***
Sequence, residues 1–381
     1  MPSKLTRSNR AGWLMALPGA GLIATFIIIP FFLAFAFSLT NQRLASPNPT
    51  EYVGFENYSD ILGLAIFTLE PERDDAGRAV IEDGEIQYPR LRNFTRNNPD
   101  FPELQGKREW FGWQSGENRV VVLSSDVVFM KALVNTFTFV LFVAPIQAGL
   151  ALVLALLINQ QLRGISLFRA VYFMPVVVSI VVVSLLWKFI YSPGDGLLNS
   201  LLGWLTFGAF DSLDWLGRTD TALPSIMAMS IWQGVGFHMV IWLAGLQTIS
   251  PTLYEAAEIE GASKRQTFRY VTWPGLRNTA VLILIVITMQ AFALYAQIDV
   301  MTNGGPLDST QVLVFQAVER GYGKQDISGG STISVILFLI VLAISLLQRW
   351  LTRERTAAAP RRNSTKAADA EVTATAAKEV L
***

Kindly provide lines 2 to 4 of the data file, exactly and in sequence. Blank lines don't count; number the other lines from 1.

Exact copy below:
     1  MPSKLTRSNR AGWLMALPGA GLIATFIIIP FFLAFAFSLT NQRLASPNPT
    51  EYVGFENYSD ILGLAIFTLE PERDDAGRAV IEDGEIQYPR LRNFTRNNPD
   101  FPELQGKREW FGWQSGENRV VVLSSDVVFM KALVNTFTFV LFVAPIQAGL